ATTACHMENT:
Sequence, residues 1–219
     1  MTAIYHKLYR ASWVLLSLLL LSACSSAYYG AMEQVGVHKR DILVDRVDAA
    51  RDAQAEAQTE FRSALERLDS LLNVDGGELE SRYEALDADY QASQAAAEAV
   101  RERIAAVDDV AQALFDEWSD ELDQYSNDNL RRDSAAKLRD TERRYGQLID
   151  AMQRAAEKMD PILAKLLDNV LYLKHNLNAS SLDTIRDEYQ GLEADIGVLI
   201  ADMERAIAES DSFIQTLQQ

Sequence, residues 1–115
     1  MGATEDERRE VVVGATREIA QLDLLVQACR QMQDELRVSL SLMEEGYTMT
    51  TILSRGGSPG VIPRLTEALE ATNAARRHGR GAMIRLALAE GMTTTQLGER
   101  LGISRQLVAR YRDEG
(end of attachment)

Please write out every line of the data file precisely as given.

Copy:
Sequence, residues 1–219
     1  MTAIYHKLYR ASWVLLSLLL LSACSSAYYG AMEQVGVHKR DILVDRVDAA
    51  RDAQAEAQTE FRSALERLDS LLNVDGGELE SRYEALDADY QASQAAAEAV
   101  RERIAAVDDV AQALFDEWSD ELDQYSNDNL RRDSAAKLRD TERRYGQLID
   151  AMQRAAEKMD PILAKLLDNV LYLKHNLNAS SLDTIRDEYQ GLEADIGVLI
   201  ADMERAIAES DSFIQTLQQ

Sequence, residues 1–115
     1  MGATEDERRE VVVGATREIA QLDLLVQACR QMQDELRVSL SLMEEGYTMT
    51  TILSRGGSPG VIPRLTEALE ATNAARRHGR GAMIRLALAE GMTTTQLGER
   101  LGISRQLVAR YRDEG